Soy sauce has been an essential flavor enhancing ingredient for over 3,000 years. It has two major types - light and dark. Brewed directly from fermented soy beans, wheat flour, water, and salt, light soy sauce is lighter in color, saltier in taste but more savory or umami in flavor (xian in Chinese). It is the main soy sauce used for seasoning. Blended from light soy sauce with caramel and aged for a longer period of time, dark soy sauce is thicker in texture, darker in color, but a little sweet, less salty and less savory or umami in flavor. It is mainly used for coloring and stewing dishes. Some ingredients may be blended into the dark soy sauce to incease the savory flavor, such as mushroom soy sauce, shrimp soy sauce, etc.

Confusion regularly comes among Chinese soy sauces and Japanese soy sauces. Roughly, there are three types of Japanese soy sauces:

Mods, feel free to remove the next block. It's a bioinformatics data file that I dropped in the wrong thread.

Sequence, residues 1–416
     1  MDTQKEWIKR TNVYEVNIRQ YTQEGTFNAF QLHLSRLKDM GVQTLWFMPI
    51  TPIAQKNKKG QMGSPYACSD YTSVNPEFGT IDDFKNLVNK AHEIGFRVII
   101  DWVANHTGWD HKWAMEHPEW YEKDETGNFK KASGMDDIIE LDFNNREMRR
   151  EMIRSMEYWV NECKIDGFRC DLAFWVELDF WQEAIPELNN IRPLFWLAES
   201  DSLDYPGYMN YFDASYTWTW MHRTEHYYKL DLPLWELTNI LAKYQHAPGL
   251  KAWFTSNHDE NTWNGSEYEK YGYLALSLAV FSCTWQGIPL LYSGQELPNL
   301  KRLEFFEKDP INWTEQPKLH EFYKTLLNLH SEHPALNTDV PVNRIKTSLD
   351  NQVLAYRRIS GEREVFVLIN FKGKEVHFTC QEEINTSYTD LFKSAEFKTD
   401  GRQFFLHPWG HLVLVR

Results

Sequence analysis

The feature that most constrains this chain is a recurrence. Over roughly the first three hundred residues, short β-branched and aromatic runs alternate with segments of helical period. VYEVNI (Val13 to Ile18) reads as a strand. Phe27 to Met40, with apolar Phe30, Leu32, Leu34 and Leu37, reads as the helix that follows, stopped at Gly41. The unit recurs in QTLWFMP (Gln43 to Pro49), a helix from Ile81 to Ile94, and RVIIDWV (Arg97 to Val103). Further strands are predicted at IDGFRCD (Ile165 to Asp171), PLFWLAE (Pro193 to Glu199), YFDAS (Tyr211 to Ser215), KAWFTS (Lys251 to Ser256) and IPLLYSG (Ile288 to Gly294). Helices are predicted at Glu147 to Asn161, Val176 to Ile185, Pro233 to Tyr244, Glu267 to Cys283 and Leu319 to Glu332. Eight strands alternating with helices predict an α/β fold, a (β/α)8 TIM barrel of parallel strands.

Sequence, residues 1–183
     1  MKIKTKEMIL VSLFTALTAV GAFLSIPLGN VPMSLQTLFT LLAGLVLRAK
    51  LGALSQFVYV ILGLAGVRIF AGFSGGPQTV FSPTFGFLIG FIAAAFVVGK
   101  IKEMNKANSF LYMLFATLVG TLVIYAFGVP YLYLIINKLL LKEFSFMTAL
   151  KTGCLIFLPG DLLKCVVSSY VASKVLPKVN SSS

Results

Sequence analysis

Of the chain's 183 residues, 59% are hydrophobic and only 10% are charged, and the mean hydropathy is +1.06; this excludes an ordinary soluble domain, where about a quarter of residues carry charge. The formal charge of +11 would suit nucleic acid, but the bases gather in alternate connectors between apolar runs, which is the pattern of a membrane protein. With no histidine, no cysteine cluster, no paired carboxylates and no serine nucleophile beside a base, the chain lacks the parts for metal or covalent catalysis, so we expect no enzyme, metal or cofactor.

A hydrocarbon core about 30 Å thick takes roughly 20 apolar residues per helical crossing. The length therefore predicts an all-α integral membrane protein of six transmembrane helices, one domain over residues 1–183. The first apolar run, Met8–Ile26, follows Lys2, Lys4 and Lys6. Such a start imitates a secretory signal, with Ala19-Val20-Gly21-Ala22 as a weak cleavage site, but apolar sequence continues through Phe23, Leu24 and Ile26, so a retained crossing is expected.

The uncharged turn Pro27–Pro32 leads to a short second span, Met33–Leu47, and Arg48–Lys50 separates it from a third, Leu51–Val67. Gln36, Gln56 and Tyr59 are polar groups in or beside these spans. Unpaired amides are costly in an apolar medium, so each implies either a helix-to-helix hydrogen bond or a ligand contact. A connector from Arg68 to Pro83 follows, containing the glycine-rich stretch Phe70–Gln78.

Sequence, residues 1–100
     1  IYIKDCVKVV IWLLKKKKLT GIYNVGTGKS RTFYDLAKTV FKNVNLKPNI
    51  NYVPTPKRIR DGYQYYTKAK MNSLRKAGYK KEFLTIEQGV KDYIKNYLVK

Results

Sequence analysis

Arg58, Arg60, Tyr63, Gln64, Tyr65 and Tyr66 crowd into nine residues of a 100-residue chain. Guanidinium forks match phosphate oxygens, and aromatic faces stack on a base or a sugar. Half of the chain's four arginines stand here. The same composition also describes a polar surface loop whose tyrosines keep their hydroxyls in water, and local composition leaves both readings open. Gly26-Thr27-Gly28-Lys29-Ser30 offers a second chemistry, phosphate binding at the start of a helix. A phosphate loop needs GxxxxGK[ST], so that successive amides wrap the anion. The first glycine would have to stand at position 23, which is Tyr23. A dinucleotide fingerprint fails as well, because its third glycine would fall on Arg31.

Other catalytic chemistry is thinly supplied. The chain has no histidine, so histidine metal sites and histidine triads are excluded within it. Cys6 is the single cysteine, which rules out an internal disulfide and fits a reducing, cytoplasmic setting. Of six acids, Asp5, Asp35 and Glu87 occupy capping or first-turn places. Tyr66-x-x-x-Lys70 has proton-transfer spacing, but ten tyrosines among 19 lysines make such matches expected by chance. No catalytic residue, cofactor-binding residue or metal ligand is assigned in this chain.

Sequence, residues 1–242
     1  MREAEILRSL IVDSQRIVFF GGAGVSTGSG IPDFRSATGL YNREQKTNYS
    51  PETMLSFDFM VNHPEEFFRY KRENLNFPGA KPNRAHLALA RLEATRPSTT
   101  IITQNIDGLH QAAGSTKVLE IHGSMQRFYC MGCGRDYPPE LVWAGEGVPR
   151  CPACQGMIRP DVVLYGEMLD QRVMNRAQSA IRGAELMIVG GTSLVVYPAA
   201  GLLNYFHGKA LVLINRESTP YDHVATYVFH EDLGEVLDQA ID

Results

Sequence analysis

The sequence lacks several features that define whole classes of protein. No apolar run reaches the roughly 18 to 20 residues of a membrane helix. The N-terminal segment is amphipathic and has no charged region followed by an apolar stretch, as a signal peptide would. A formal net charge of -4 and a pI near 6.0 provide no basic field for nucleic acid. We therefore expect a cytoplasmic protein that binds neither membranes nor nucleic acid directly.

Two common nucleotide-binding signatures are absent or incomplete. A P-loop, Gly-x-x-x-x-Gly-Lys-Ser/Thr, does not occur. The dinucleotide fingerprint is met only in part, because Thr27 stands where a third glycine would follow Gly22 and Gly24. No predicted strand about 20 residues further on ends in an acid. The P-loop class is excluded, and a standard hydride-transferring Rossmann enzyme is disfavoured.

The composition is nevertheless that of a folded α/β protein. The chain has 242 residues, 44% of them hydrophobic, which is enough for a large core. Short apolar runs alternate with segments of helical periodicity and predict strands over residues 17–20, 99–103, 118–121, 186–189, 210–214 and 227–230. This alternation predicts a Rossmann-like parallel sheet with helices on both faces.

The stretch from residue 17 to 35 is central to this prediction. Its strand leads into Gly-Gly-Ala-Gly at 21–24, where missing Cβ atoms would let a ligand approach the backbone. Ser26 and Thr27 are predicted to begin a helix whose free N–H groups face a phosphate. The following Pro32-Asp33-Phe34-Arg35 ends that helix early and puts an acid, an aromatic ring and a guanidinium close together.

• Regular soy sauce which takes over 80% consumption in Japan. It can substitute Chinese light soy sauce.
  • Usukuchi or light soy sauce. It is lighter in color and more salty than regular "dark" soy sauce. There is no Chinese substitute for it.
  • Tamari soy sauce which is made with less or no wheat. It is darker and thicker than regular Japanese soy sauce, and slightly sweeter than Chinese dark soy sauce.

Light soy sauce does not mean less sodium soy sauce at all. If a recipe calls for light soy sauce, try to determine if it's a Japanese or Chinese recipe. If the recipe is Chinese, light soy sauce means Chinese light soy sauce or regular soy sauce. If it is Japanese, it may mean usukuchi soy sauce.

Less sodium soy sauce is usually more expensive. It is because the process to produce low sodium soy sauce requires the same initial amount of salt and the same procedures as for regular soy sauce. The difference is an additional step at the production end to remove certain amount of sodium (40% usually)